Article first published online: 19 NOV 2009
© 2009 The Authors. Journal compilation © 2009 Japanese Society of Psychiatry and Neurology
Psychiatry and Clinical Neurosciences
Volume 63, Issue 6, pages 773–774, December 2009
How to Cite
Kobayashi, T. and Kato, S. (2009), Menstrual catatonia. Psychiatry and Clinical Neurosciences, 63: 773–774. doi: 10.1111/j.1440-1819.2009.02027.x
- Issue published online: 19 NOV 2009
- Article first published online: 19 NOV 2009
- Received 13 February 2009; revised 14 August 2009; accepted 19 August 2009.
THE SYNDROME IN which patients show psychotic symptoms associated with the menstrual cycle, is known as periodic psychosis of puberty1 or of adolescence2 (PPP/A) in the Japanese-language literature. It remains unfamiliar, however, internationally. Recently, Brockington gave a detailed description of the syndrome as menstrual psychosis, which included patients in a wider age range.3
The present article describes an 18-year-old woman with menstrual catatonia. She was misidentified as having catatonic schizophrenia, and the treatment for PPP/A was efficacious.
An 18-year-old woman was found wandering aimlessly around a metropolitan city. She was taken into custody by a policeman because she was crying near a police box. Her parents asked her what she had been doing, but her answers made no sense. Her body also seemed to be somewhat rigid.
On the third day her eyes were fixed on a point, she was rigid and motionless with her mouth wide open. She made no replies and her parents could not catch her eye. She lay down all day. At night her parents took her to the emergency department of Jichi Medical University Hospital, at which time she was admitted to a medical ward.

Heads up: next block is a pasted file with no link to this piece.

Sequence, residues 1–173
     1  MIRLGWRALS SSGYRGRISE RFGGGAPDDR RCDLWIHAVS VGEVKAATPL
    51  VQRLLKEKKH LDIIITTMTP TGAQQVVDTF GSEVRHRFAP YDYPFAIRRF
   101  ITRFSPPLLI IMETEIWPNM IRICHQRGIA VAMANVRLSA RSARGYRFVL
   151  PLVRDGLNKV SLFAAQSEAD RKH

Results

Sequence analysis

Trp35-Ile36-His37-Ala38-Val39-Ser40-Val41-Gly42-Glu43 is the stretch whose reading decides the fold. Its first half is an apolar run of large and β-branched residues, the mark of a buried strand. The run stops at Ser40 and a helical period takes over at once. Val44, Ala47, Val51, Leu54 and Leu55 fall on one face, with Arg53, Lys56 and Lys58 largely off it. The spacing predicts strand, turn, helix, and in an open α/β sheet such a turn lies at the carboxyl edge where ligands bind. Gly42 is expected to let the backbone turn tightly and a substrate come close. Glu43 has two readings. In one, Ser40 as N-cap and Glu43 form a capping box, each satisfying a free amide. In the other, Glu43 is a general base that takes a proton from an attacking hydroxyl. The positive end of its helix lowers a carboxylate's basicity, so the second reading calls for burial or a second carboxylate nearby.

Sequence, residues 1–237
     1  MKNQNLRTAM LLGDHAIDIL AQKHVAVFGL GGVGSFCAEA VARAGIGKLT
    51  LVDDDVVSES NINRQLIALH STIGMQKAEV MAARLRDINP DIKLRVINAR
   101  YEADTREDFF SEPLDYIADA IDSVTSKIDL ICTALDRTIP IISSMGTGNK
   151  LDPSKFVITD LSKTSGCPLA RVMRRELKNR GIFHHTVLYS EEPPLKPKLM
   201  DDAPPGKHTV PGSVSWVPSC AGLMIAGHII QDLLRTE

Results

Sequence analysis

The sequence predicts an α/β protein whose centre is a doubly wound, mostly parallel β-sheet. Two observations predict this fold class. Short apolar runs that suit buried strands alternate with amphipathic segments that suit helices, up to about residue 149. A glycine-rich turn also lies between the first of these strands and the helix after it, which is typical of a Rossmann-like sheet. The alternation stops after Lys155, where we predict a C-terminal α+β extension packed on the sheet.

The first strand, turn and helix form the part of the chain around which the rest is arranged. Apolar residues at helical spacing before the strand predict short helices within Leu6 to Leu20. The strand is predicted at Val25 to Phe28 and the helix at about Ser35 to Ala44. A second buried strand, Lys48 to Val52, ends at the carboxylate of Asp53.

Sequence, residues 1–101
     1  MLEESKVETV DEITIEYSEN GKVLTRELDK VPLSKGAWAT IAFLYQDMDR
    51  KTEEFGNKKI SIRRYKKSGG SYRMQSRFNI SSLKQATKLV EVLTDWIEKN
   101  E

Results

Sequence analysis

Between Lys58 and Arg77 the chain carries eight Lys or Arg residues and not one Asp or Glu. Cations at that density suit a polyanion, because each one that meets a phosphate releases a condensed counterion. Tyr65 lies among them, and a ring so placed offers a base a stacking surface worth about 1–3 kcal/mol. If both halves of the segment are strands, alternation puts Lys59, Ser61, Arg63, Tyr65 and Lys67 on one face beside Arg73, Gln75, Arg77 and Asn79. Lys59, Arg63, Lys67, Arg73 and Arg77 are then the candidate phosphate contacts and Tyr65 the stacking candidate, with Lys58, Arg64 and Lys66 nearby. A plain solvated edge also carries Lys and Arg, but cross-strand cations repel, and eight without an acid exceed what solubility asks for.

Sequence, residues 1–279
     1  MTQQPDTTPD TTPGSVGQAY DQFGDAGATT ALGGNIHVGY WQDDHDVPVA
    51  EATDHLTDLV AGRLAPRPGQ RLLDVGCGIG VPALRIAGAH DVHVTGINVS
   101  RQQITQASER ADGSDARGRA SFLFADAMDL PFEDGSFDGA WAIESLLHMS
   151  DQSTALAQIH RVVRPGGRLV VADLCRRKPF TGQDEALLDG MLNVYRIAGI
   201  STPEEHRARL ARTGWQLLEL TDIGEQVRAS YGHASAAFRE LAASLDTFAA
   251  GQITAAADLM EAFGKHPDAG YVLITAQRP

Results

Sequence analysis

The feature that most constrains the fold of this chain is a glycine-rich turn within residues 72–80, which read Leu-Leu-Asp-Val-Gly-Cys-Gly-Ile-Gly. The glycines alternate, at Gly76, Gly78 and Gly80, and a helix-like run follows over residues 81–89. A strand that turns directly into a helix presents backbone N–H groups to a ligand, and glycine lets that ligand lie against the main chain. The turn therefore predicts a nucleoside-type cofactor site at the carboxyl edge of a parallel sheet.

Infection of the central nervous system, organic brain disease, and epilepsy were ruled out on blood chemistry, cerebrospinal fluid examination, and brain imaging. On hospital day 5 the patient was referred to us, and we considered her to be in a substuporous state: she voicelessly gazed at the ceiling with immovable features and never shifted her gaze; her extremities were rigid; she exhibited waxy flexibility; and she would only sometimes exchange a few words. She was neither manic nor depressive. Her mood state was flat and superficial. We diagnosed her as having catatonic schizophrenia, and moved her to a psychiatric ward.
Intravenous haloperidol at a dose of 15 mg/day and diazepam at 5 mg/day seemed to improve her symptoms around day 15, but her symptoms worsened again on day 30. Similar improvement and deterioration repeated three times, and we became aware that her catatonic state worsened periodically. Her menstrual periods were between days 8 and 12, and between days 36 and 43: her catatonic state began approximately 7 days prior to menstruation and discontinued approximately 10 days after the end of menstruation. We therefore suspected that the patient had PPP/A and administered lithium carbonate at a dose of 600 mg/day, which gradually released her from the periodic illness.
It is rare that PPP/A manifests mainly catatonia. Brockington globally investigated 80 patients with menstrual psychosis, and found only three patients who had presented with catatonia as a salient symptom.3
A diagnosis of PPP/A, or menstrual psychosis is an important consideration in the differential diagnosis of adolescent patients with catatonic syndrome and should have an appropriate place in the diagnostic system.